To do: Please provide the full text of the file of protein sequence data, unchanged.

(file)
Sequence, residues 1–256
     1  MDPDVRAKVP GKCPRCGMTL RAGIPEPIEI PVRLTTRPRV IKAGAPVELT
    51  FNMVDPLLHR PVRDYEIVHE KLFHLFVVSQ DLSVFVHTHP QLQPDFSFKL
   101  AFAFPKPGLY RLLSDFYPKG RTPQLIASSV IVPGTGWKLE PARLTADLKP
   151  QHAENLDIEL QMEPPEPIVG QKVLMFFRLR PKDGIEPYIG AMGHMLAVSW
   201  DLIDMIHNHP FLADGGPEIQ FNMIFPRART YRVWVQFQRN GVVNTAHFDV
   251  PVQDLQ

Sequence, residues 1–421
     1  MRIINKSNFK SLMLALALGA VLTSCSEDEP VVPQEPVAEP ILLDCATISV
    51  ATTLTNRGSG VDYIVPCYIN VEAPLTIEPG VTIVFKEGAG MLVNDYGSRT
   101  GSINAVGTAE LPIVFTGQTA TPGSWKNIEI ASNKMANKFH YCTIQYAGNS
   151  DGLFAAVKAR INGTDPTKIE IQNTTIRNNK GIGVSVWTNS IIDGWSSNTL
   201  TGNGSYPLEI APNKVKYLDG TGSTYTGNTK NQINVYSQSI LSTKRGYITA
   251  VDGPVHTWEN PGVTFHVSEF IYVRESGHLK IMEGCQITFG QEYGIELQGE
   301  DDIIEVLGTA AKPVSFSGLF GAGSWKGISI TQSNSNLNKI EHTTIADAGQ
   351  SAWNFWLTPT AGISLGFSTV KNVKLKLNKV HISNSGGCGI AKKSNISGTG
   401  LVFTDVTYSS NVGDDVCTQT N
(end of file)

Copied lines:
Sequence, residues 1–256
     1  MDPDVRAKVP GKCPRCGMTL RAGIPEPIEI PVRLTTRPRV IKAGAPVELT
    51  FNMVDPLLHR PVRDYEIVHE KLFHLFVVSQ DLSVFVHTHP QLQPDFSFKL
   101  AFAFPKPGLY RLLSDFYPKG RTPQLIASSV IVPGTGWKLE PARLTADLKP
   151  QHAENLDIEL QMEPPEPIVG QKVLMFFRLR PKDGIEPYIG AMGHMLAVSW
   201  DLIDMIHNHP FLADGGPEIQ FNMIFPRART YRVWVQFQRN GVVNTAHFDV
   251  PVQDLQ

Sequence, residues 1–421
     1  MRIINKSNFK SLMLALALGA VLTSCSEDEP VVPQEPVAEP ILLDCATISV
    51  ATTLTNRGSG VDYIVPCYIN VEAPLTIEPG VTIVFKEGAG MLVNDYGSRT
   101  GSINAVGTAE LPIVFTGQTA TPGSWKNIEI ASNKMANKFH YCTIQYAGNS
   151  DGLFAAVKAR INGTDPTKIE IQNTTIRNNK GIGVSVWTNS IIDGWSSNTL
   201  TGNGSYPLEI APNKVKYLDG TGSTYTGNTK NQINVYSQSI LSTKRGYITA
   251  VDGPVHTWEN PGVTFHVSEF IYVRESGHLK IMEGCQITFG QEYGIELQGE
   301  DDIIEVLGTA AKPVSFSGLF GAGSWKGISI TQSNSNLNKI EHTTIADAGQ
   351  SAWNFWLTPT AGISLGFSTV KNVKLKLNKV HISNSGGCGI AKKSNISGTG
   401  LVFTDVTYSS NVGDDVCTQT N